Is it possible that the Spice Girls, with their constant shrieks of ‘Girl Power!’ and message of independence, could have had a stronger influence than anyone gave them credit for?
New data shows that Generation Y women are storming ahead of their male counterparts in the property market.
Mortgage settlement figures from ING Direct show that a higher proportion of home loans than ever before belongs to young women, and they hold a larger share of the market than men the same age.
In fact, it’s been this way for a while. In 2009, females overtook males with a 14% and 12% share respectively of the home loan market. Since then, there has been a 2 percentage point gap between Gen Y women and men, except for last year when it widened to 3 percentage points. You go, girls!
In Queensland, 18% of financial settlements belonged to Gen Y women whereas Gen Y men took just 16%.
In other age groups, Gen X saw no difference between genders with both holding 25% of the market, and among Baby Boomers men were clinging on to the lead by one percentage point (9% vs. 8%).
In some areas, such as Brisbane, Gen X buyers are still dominating the market (they accounted for 50% of sales in Brisbane last year). But overall on a national level, Gen Y is taking a larger share of the mortgage market, having increased from 26% in 2009 to 43% last year. This is according to John Arnott, ING Direct’s Executive Director for Customers.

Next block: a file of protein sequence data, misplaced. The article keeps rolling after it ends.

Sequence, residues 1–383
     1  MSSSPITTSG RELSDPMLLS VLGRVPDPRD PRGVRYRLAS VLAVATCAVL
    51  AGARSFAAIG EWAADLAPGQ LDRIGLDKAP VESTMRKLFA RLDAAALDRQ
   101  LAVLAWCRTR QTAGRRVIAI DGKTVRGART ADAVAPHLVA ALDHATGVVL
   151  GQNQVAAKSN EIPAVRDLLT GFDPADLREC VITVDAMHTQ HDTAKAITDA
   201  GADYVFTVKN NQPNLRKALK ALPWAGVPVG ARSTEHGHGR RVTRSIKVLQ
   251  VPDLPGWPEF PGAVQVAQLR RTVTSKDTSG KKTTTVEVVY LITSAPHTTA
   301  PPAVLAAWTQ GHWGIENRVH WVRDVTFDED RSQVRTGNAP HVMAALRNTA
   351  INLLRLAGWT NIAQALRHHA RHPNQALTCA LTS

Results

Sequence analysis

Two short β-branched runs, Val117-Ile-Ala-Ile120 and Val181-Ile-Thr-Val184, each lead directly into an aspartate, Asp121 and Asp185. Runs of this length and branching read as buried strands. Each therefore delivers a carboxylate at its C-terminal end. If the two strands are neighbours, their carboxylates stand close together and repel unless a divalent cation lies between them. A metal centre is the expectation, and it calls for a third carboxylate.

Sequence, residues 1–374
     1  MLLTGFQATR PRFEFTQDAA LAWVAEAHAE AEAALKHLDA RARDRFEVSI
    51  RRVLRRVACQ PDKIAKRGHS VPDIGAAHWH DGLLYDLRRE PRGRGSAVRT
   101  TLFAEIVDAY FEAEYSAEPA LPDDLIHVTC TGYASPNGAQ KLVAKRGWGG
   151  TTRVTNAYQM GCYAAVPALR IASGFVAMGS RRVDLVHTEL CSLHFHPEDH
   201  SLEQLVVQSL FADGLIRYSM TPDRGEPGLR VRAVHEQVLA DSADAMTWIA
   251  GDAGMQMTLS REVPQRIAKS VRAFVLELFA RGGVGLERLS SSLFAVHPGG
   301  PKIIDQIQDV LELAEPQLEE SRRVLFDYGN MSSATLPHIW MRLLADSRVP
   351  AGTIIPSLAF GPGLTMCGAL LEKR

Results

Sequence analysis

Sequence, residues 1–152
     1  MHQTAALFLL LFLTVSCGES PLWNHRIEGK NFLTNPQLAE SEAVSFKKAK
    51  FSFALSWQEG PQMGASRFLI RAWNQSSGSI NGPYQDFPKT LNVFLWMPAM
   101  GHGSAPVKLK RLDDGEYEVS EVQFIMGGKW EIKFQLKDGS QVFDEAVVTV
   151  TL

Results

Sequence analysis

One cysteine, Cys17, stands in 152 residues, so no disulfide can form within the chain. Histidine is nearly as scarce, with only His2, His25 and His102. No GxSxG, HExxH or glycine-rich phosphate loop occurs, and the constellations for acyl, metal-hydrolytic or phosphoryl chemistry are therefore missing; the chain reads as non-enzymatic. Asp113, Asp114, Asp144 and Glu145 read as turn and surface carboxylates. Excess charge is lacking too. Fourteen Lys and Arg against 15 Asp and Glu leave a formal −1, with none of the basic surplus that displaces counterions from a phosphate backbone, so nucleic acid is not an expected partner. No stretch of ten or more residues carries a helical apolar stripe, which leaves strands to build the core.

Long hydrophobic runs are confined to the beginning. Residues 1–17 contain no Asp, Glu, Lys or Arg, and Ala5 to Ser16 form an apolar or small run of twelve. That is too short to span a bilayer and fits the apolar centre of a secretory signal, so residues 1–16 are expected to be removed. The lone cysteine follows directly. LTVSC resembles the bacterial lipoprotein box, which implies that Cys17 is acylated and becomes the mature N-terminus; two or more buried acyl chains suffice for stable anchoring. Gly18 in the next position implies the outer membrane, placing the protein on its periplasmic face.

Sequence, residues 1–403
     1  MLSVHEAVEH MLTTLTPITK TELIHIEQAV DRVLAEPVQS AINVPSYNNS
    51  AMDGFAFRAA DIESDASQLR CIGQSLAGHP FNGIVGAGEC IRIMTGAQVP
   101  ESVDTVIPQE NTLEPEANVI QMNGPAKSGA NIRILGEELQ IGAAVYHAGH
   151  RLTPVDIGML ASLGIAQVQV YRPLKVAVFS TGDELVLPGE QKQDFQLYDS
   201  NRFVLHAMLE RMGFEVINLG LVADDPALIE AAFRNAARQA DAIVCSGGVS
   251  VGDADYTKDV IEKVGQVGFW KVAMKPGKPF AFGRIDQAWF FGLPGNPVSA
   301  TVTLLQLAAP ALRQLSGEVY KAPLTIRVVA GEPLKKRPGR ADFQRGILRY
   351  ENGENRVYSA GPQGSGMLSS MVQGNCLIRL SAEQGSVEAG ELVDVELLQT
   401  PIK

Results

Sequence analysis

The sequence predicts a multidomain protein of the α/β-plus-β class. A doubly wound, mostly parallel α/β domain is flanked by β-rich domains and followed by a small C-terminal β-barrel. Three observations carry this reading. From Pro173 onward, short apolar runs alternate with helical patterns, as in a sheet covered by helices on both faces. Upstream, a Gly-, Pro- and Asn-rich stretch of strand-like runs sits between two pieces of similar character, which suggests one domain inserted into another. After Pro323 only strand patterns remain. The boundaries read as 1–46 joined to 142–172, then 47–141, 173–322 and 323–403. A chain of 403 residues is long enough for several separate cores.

“While the ING DIRECT Autumn Buyers’ Guide shows dwelling values have risen around Australia, it appears this increase hasn’t deterred younger buyers from entering the property market … The number of Gen Y customers with mortgage settlements has grown by 76 per cent since 2009,” he said.
“This growth is in stark contrast to Gen X, where the number of customers with mortgage settlements has decreased by 12 per cent.”
The bank reports that housing was worth $6.5 trillion to the Australian economy last year, which is “almost three times the value of Australia’s combined superannuation funds”.
Although these numbers might sound promising for young buyers, figures from the Australian Bureau of Statistics show first home buyers are still struggling when it comes to home financing, holding just 14.2% of all owner-occupied loans in March this year. The last time the number was that low was over 10 years ago, in May 2004.
Cameron Kusher, a data analyst at CoreLogic RP, warned that those still trying to get a foothold in the market would “struggle to compete with investors and upgraders who have been active in the market and where significant equity has been acquired”.
He said the “simple answer” was for struggling first home buyers to look further afield for property, outside major cities. Sensibly, he also acknowledged “that may seem a little simplistic” since the main employment opportunities are to be found in city centres.
So with the simple answer written off as too simplistic, we’d better go in search of a less-simple simple answer. Hope that’s cleared things up for you.